The mechanical properties of guidewires

Part III: Sliding friction
  • Jürgen Schröder
Technology Assessment


Stiffness is always one of two factors that determine frictional resistance. The other factor, the coefficient of friction, depends on the surface characteristics. Teflon coating reduces the sliding friction to one-half, and a hydrophilic plastic coat to about one-sixth compared with steel.

Key words

Guidewires Angiography Catheters and catheterization Interventional radiology 


Unable to display preview. Download preview PDF.

Unable to display preview. Download preview PDF.


  1. 1.
    Judkins MP, Hinck VC, Dotter CT (1968) Teflon-coated safety guides. An adjunct to the use of polyurethane catheters. AJR 104:223–224Google Scholar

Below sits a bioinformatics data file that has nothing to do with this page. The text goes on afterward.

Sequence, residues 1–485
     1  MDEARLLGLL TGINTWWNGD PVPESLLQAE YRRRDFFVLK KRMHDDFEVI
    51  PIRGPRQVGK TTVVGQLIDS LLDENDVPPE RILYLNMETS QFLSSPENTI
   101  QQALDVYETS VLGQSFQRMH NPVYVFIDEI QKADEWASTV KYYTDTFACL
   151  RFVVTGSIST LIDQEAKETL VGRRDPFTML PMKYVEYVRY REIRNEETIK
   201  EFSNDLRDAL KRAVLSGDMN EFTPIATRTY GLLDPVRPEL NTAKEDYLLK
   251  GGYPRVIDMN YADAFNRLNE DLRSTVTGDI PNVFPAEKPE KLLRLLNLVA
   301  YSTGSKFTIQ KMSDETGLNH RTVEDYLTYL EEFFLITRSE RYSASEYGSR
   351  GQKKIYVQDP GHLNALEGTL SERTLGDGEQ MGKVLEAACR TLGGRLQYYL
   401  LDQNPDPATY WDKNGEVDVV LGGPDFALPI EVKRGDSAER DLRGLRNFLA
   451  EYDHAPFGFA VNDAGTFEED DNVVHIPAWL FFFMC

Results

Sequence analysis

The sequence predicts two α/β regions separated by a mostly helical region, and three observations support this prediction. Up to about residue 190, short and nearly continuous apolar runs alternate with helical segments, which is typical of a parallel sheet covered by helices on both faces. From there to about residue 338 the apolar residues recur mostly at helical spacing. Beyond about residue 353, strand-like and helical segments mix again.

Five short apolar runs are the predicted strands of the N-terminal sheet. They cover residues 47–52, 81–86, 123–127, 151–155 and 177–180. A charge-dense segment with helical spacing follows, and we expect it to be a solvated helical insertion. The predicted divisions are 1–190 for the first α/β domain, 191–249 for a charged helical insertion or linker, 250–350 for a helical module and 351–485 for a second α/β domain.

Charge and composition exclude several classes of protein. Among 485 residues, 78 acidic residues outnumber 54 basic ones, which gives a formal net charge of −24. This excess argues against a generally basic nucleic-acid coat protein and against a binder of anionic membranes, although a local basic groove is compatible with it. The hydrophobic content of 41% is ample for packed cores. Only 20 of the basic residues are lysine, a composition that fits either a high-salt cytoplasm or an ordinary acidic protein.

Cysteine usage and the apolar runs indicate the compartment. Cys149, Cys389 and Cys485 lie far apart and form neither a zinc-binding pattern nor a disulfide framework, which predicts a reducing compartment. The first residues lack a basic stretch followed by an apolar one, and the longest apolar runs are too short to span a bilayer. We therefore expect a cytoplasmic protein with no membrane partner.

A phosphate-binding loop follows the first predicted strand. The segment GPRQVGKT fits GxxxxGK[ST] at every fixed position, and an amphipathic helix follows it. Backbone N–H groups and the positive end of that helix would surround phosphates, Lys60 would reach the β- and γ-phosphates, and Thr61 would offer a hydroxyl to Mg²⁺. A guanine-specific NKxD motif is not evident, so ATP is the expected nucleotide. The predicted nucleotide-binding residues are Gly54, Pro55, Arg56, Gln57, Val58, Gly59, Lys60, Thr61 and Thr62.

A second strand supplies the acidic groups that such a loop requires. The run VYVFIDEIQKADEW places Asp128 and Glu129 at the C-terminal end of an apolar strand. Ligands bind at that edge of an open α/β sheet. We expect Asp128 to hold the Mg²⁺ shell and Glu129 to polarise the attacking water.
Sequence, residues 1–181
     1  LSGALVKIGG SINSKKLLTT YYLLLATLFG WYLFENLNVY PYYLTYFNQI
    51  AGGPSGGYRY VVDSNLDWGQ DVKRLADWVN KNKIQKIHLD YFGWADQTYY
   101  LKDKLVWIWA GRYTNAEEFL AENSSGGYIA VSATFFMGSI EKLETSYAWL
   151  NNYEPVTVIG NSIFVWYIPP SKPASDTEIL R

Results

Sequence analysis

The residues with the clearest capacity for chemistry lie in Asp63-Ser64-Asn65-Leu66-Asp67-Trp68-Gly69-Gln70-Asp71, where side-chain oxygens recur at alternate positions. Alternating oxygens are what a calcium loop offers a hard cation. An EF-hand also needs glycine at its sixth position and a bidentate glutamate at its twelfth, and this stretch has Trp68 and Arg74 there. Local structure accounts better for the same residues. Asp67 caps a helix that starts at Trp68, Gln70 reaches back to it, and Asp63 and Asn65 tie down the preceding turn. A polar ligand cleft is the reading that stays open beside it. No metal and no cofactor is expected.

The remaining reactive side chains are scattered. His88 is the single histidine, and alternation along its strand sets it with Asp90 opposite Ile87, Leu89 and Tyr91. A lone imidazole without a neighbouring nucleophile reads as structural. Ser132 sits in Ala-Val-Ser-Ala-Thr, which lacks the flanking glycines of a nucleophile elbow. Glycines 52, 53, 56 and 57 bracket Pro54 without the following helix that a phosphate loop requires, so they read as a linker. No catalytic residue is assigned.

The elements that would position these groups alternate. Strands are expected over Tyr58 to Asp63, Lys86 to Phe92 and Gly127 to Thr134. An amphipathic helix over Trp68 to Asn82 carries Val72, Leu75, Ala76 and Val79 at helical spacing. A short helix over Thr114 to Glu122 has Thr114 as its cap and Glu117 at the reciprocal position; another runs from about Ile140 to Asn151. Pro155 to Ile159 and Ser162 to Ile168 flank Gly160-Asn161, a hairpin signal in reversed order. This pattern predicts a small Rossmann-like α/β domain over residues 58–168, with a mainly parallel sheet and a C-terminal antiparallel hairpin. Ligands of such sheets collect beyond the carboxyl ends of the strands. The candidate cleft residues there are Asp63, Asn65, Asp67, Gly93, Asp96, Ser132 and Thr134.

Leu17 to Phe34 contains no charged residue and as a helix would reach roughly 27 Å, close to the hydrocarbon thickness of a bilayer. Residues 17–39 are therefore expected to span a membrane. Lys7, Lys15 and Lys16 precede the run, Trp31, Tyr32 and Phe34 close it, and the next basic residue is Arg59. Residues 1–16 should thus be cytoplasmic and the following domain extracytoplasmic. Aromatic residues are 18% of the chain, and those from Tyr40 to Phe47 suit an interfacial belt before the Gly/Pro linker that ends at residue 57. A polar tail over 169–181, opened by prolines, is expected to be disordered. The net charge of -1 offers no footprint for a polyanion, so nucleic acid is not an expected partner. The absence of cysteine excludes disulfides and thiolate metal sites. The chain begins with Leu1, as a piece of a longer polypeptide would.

2. 2.
    Takayasu K, Muramatsu Y, Moriyama N, Ohtsu T, Catapia FC (1988) Plastic coated guide wire for hepatic arteriography. Radiology 166:545–546PubMedGoogle Scholar
  3. 3.
    Schröder J (1993) The mechanical properties of guidewires. Part I: Stiffness and torsional strength. Cardiovasc Intervent Radiol 16:43–46PubMedGoogle Scholar
  4. 4.
    Schröder J (1993) The mechanical properties of guidewires. Part II: Kinking resistance. Cardiovasc Intervent Radiol 16:47–48PubMedGoogle Scholar
  5. 5.
    Kikuchi Y, Graves VB, Strother CM, Dermott JC, Babel SG, Crummy AB (1989) A new guide wire with kink-resistant core and low-friction coating. Cardiovasc Intervent Radiol 12:107–109PubMedCrossRefGoogle Scholar

Copyright information

© Springer-Verlag New York Inc 1993

Authors and Affiliations

  • Jürgen Schröder
    • 1
  1. 1.Abt. RöntgendiagnostikKreiskrankenhaus RendsburgRendsburgFRG

Personalised recommendations